Moat Park, Dundonald
Situated in the heart of Dundonald, the Moat Park offers idyllic walks around the historic Motte as well as provides a valuable link to shops in the village. Close by stands the Church of St Elizabeth which dates from 1306, providing an interesting piece of history passed the Doric style mausoleums during your walk.
Moat Park is a green oasis within the expanding townland of Dundonald. It is covered in rough grasses which shelter a range of flowering plants such as Tufted Vetch, Yarrow and Meadow Vetchling. In the summer a variety of insects are attracted to the grassy slopes including Common Green Grasshopper, Small Tortoiseshell Butterfly and the Silver Y Moth.
The short grassland which occurs throughout most of the park provides valuable foraging habitat for birds such as Blackbirds, Starlings and Rook, all of which visit to feed on the earthworms and insect larvae present in the soil. It is also an important habitat for fungi such as The Deceiver.
The many trees in the park provide a range of important habitats for insects, bats and birds. In the winter months the tiny Goldcrest, our smallest native bird at only 9 centimetres in length and weighing the same as a 20-pence coin, can be seen and heard foraging among the trees together with Blue, Great and Long-tailed Tits and the very colourful Goldfinch.
During very cold winters the Waxwing – an unusual bird found in the forests of Northern Europe – is forced to migrate to milder climates to find sufficient food to survive. Many of the large Cotoneaster trees which occur throughout the park provide a bountiful supply of red berries for this bird during harsh winters.
Small streams flowing through the park carry water originating from the Craigantlet Hills to the north. They provide ideal habitat for the Common Blue Damselfly, which can be seen patrolling up and down the streams for prey during the summer months. Bramble (Blackberry) and Wild Raspberry can be found growing on the stream banks. Both provide a sugar-rich food source for many birds and insects in late summer.
The Wildlife Garden
The Wildlife Garden has been created to attract a greater variety of plants and animals into the park by creating important micro-habitats where they can thrive.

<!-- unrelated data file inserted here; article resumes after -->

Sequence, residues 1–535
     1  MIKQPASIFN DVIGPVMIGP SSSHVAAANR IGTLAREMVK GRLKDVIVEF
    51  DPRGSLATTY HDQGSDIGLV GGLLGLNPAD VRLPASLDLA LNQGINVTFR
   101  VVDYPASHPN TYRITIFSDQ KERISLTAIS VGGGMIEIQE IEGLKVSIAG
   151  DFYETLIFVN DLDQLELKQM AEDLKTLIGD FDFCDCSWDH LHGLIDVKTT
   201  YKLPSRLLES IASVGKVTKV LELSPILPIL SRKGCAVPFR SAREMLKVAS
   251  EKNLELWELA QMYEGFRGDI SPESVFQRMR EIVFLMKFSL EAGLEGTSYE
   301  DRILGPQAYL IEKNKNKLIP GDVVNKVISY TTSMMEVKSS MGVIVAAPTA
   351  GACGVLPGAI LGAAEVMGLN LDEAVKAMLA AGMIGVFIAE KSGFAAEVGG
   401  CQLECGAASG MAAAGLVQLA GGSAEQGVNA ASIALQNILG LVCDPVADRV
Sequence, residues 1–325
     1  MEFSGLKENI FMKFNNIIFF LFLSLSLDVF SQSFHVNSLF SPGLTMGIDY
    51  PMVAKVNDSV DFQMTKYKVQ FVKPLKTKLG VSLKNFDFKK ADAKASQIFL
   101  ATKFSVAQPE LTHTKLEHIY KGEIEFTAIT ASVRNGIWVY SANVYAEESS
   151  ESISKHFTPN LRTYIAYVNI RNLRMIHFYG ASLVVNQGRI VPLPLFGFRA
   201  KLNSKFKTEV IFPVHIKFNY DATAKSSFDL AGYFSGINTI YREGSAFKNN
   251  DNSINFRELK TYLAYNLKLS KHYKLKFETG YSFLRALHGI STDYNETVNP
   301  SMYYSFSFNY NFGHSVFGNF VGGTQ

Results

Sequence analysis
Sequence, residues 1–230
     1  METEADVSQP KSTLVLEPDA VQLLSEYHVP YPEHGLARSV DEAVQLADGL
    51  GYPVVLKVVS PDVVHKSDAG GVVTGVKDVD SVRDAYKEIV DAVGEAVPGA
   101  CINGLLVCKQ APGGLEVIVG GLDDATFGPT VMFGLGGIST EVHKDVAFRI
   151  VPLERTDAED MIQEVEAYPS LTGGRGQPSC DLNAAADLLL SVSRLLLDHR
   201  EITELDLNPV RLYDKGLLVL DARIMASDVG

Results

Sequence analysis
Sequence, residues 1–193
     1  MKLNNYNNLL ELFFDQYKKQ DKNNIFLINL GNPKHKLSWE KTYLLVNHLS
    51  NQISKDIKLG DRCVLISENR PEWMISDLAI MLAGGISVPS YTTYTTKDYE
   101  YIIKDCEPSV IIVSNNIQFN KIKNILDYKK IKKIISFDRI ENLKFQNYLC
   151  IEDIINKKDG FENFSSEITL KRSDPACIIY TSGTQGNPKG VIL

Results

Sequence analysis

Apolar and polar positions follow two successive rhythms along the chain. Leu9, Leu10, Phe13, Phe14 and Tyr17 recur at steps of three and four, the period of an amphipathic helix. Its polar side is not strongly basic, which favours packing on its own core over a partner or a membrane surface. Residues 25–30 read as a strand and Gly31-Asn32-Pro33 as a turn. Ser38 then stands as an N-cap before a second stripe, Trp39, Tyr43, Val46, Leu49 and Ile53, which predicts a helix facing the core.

The garden provides a resource for the community where people can learn how the wildlife-friendly features of the garden are managed to benefit biodiversity, and help to record the plants and animals that live in the garden.
The garden also demonstrates a variety of ways in which we can all attract and help wildlife – for example by creating a pond, planting a native species hedge, building bug hotels and leaving areas of grass uncut where wild flowers and insects can thrive.
As urban areas like Dundonald continue to grow, green spaces such as Moat Park and the Wildlife Garden become increasingly more important habitats for plants and animals which might otherwise lose their home as houses and offices replace fields, hedges and woodlands.
The Edward Bruce Commemorative Boulder
Lisburn & Castlereagh City Council is proud to be part of the ‘Edward Bruce 700 Heritage Trail’, an initiative put forward by the Ulster Scots Agency to commemorate shared Ulster-Scottish history.
The Edward Bruce Commemorative Boulder, which is made of Mourne granite was unveiled at Moat Park by Councillor Tim Morrow and Catriona Holmes from the Ulster Scots Agency.
The brief inscription on this commemorative boulder details the significance of this location in Dundonald. A church, fort and moat were constructed in the 12th century by the Anglo-Normans. During an invasion by Edward Bruce of Scotland from 1315-1318 the church and fort were destroyed. The Moat remained after the battle and today can be accessed through routes in Moat Park and along the Enler River.